* West Virginia
* South Florida
And here are the current schools that are in the Big East, but not for football:
* Notre Dame
* DePaul (non-football)
* Marquette (non-football)
* Providence (non-football)
* St. Johns (of Jamaica, NY; non-football)
* Seton Hall (non-football)
So what if the above schools played football in the Big East, and what would happen if current non-football schools played in the Big East for football? Let's do this!
Ahh, Notre Dame. America's most famous Catholic university. They are football independents in the FBS division and are a BCS team. There's likely a good reason why Notre Dame isn't in any conference in football... because they're Notre Dame, motherf... (watch your mouth!)! Unless Notre Dame football thinks they are too good to fit into any conference, the Fighting Irish probably would be a weird fit for the Big East. The rivalries they have with Michigan, Michigan State, Boston College, and USCal would have to remain intact, and a conference schedule would kill having some of these rivalries.
Temple was once the Big East market for Philadelphia, but in Temple's campaign, they floundered terribly. Villanova would truly be a great candidate for the Philly market. It would be interesting if Villanova had to go against Temple for playing games at Lincoln Finanical Field. At least the Wildcats know how to put up a fight in almost any sport.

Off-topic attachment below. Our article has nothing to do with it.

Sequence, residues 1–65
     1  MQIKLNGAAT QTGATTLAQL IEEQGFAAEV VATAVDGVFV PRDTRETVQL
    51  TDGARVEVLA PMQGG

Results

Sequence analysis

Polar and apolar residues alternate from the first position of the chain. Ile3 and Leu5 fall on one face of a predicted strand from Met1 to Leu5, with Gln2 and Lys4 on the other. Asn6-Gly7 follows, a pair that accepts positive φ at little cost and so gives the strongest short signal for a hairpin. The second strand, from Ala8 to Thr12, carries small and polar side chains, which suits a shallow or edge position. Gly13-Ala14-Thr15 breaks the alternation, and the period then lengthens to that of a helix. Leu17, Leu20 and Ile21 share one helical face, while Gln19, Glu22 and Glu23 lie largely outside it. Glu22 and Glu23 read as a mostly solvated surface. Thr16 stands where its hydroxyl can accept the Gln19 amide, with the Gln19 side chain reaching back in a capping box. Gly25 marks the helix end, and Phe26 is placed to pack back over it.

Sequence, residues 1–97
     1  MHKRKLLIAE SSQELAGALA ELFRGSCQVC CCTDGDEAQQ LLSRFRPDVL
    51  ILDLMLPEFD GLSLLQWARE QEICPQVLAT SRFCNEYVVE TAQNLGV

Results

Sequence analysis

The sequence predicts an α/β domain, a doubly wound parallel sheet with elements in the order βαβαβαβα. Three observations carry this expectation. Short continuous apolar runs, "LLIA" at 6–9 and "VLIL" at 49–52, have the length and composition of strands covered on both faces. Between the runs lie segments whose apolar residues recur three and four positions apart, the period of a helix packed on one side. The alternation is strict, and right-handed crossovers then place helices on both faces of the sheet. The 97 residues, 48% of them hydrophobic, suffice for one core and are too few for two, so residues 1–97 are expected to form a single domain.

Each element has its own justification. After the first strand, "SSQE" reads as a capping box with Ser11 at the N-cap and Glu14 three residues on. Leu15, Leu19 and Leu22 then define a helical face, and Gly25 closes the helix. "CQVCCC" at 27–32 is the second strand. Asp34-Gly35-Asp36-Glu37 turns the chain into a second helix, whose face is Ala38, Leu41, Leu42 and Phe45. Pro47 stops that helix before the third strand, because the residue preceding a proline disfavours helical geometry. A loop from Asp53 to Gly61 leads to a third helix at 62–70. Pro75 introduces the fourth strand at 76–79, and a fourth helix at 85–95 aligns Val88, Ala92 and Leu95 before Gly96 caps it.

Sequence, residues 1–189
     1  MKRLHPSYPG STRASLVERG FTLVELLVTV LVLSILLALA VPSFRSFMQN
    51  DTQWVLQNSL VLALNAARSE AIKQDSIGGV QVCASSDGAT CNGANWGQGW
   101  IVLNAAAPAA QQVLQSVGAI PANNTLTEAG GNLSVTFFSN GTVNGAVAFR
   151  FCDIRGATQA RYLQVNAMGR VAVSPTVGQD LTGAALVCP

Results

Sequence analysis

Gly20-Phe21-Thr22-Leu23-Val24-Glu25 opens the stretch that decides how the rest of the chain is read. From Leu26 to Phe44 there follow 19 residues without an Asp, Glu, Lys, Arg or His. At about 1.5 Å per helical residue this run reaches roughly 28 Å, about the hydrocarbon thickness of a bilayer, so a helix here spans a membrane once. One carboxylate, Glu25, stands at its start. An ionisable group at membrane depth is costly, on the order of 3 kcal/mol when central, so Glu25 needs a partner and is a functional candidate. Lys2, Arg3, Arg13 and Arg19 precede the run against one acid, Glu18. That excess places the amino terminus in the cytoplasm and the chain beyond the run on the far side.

The Hoyas are not a good football team in FCS. They play in the Patriot League for football. Their stadium would have to be built up to BCS school standards to seat more people. That's if they were to play in Washington, D.C. If not an in-city stadium, they would probably play at where the NFL's Washington Redskins play for Hoyas' football.
This religious school in Chicago would be the only other Chicago-area Division 1 football school along with Northwestern University. The Blue Demons of DePaul would probably play their football at some campus stadium, or probably play at Soldier Field (Chicago Bears' stadium).
Marquette University has football on the club level. The Milwaukee-based Jesuit school would make Marquette the only other Division 1 football school in the state of Wisconsin (the University of Wisconsin-Madison is, of course, the other). Even if to get more NCAA football in the state of Wisconsin (including getting Wisconsin-Milwaukee and Wisconsin-Green Bay to start football), why not? They'd probably have the Milwaukee football market all to themselves. That is... unless that NFL team up north rules football in the Badger State. I just hope Marquette's football team has better-looking uniforms than what Marquette has now (their simplistic blue and gold colors before going to their current uniforms were beautiful).